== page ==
“I’ve been making moonshine for the past 13 years. I took over as the master distiller at Asheville Distilling in 2015, and I was excited about the opportunity to come help start this,” Ford said. “I’ve always had a pretty old-school approach to everything; even in Asheville we had a high-tech still, but it was all bringing in raw grains, making the alcohol there and barreling it. Once it was barreled it was two to three years before we could use it.”

He now sees Slagle’s creations come to life the same day. The innovation attracted Ford to Two Trees. 

“I’ve always been a student of the business and I’ve had the chance to study under some of the greats, like Dan Pickerell, former master distiller for Maker’s Mark,” he said. “One of the things he used to stress was that I should learn something new in this business every day. It’s been challenging at times for sure, but seeing that we’re doing something that nobody else is doing makes it special.”

Included in the roster of spirits is a signature wood-crafted bourbon whiskey and a wide variety of offerings. 

“A recent trend in the industry has been flavored products,” Slagle said. “We have flavored products like Carolina Peach, Candy Apple, Crisp Apple, Salted Caramel, Cinnamon Spice and our Batch 314, which is named after March 14, 2016. That’s the day I created the first full-scale batch which led us to realize that this would actually work.”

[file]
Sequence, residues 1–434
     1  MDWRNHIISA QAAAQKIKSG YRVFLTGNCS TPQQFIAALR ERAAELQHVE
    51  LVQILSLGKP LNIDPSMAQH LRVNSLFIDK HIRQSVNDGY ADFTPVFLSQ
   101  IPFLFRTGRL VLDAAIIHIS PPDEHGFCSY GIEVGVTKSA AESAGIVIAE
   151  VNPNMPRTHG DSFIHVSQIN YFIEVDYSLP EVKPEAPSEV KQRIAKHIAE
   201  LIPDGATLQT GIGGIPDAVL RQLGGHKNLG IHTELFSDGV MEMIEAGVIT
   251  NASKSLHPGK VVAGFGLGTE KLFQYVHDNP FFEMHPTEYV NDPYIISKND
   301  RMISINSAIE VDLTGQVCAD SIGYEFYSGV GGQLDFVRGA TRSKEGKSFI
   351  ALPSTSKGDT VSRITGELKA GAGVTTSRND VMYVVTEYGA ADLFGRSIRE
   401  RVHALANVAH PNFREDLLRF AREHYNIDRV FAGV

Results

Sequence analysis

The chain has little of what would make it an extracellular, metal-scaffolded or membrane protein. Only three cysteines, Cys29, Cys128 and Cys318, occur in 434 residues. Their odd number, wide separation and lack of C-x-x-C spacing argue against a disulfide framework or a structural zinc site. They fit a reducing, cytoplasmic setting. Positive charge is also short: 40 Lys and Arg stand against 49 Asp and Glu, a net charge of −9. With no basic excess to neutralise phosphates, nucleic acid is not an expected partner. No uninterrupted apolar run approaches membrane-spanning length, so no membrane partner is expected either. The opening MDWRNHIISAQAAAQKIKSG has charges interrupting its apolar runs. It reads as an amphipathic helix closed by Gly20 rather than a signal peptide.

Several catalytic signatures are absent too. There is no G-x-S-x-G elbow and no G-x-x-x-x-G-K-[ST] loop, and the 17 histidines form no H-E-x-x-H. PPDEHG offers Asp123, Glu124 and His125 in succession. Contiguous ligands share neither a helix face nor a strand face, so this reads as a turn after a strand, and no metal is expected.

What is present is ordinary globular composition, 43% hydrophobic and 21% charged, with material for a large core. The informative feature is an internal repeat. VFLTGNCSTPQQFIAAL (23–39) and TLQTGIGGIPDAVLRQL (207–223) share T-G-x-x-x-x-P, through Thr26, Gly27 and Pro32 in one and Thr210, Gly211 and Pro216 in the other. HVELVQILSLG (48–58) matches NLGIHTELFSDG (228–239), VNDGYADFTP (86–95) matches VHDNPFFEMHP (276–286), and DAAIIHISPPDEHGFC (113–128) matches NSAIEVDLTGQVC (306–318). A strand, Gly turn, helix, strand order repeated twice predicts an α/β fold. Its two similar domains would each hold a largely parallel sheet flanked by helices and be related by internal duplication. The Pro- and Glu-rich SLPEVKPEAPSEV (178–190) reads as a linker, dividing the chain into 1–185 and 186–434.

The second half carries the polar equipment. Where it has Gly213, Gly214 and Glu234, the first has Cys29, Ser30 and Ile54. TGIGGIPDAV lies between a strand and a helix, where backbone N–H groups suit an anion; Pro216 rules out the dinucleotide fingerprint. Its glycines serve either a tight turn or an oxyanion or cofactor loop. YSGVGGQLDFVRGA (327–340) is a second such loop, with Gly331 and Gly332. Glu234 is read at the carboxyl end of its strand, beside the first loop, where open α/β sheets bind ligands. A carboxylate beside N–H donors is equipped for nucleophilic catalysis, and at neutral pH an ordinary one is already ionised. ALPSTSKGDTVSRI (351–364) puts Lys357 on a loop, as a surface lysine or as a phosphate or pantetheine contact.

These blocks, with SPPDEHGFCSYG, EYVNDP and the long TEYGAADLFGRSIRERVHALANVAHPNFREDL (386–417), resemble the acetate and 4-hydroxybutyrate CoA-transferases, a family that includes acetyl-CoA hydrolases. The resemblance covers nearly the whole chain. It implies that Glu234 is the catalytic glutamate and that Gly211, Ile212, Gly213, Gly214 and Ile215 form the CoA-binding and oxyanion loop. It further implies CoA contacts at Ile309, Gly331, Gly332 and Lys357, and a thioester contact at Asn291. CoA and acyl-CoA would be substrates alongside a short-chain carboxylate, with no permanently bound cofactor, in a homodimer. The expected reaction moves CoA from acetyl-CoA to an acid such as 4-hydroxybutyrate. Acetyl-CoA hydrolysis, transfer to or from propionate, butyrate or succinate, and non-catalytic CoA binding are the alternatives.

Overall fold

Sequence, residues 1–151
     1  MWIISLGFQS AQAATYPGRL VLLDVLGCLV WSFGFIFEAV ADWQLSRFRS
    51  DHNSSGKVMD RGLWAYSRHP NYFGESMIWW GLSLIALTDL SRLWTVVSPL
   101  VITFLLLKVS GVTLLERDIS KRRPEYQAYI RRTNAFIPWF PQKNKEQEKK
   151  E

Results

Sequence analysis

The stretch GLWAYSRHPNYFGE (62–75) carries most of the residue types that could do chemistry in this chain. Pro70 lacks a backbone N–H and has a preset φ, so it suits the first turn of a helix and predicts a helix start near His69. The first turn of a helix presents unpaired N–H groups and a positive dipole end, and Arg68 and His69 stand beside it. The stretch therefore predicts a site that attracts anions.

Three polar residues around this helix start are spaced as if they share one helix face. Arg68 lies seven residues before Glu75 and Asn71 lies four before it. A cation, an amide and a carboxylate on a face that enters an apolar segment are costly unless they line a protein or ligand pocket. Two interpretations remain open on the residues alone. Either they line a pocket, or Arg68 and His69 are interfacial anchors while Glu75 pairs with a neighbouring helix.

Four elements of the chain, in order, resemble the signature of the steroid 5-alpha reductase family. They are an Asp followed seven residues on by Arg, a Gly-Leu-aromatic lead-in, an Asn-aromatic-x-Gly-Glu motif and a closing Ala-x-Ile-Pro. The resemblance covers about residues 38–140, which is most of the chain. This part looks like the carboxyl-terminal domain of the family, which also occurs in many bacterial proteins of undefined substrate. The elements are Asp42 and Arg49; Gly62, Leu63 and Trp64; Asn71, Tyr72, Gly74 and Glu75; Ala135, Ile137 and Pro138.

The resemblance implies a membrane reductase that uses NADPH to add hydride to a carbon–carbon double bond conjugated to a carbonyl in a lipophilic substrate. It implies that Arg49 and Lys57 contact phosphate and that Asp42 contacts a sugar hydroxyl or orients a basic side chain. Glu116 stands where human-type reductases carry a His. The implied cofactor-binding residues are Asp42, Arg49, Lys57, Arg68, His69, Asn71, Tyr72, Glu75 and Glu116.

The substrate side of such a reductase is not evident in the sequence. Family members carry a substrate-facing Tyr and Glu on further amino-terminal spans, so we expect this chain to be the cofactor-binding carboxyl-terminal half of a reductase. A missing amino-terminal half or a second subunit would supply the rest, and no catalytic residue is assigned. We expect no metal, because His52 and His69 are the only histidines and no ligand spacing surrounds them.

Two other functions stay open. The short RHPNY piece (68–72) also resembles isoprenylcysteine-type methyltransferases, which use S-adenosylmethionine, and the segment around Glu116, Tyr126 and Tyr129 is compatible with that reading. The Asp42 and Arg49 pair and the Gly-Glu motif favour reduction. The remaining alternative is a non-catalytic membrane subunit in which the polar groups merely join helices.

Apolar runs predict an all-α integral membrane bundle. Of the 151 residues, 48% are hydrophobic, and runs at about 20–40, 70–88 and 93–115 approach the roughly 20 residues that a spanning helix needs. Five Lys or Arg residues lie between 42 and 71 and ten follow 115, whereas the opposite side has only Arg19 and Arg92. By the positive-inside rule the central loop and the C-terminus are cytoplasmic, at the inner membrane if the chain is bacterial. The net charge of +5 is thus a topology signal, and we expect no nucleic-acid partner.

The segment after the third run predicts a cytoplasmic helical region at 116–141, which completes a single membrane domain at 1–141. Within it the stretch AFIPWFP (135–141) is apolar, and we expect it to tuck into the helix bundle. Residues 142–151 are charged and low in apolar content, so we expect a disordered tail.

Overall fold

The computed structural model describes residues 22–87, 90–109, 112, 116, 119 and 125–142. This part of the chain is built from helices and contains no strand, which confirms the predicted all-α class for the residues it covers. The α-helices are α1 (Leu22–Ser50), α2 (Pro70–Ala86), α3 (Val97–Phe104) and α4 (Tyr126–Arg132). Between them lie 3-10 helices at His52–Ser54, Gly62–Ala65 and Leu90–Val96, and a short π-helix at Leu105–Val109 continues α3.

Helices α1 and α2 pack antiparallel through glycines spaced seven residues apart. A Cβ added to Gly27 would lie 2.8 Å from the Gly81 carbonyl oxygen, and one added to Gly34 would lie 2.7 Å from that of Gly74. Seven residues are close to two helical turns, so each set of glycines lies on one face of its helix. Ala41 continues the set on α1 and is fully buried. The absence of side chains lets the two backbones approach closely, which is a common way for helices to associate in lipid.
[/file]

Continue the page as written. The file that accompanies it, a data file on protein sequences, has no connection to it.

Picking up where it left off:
The company is also introducing a line that borrows names from Appalachian folklore, with products like Snarly Yow High Rye Bourbon Whiskey, Wampus Cat Single Malt Whiskey, Old Fyre Dragamn Rye Whiskey and Owl Head Bourbon Whiskey. The brand’s selection also contains ready-to-drink “Manhattan style” and “Old Fashioned style” wood-crafted bourbon whiskeys. 

The distellary’s first order is bound for Dallas, where it will be sold in wine, beer and liquor retailer Goody Goody. 

“Texas is 10 percent of the U.S. spirits market, so that’s a big place for us to get into,” Slagle said. “Then we have future shipments to Savannah, then Michigan and N.C. has already approved three of our products. We will also be shipping to Maryland and S.C. and we’re trying to get into the bigger markets on the West Coast. We also sell a lot of stuff overseas.”

An on-site tasting room, featuring a large window with a view of the operation, a menu of cocktails using Two Trees spirits and merchandise, is set to open in October. 

“Everything’s moving quickly now,” Slagle said. “We have orders going out as fast as we can make them.” 

On the eve of its inaugural shipment, Two Trees is poised to become a well-known name in the craft spirits market, according to Slagle. 

“At our current trajectory we’re on track to become the largest craft distillery in the southeast in a short period of time, with the number of products and sheer variety of products. We have whiskeys and bourbons to bulk spirits, to smoke chips and to every ancillary item you can think of,” he said. “We’re on our way to becoming a one-stop shop and having this technology behind us allows us to never stop learning and never stop creating. We started out thinking we could keep up and match the trends, but now we’re thinking we can help set them.”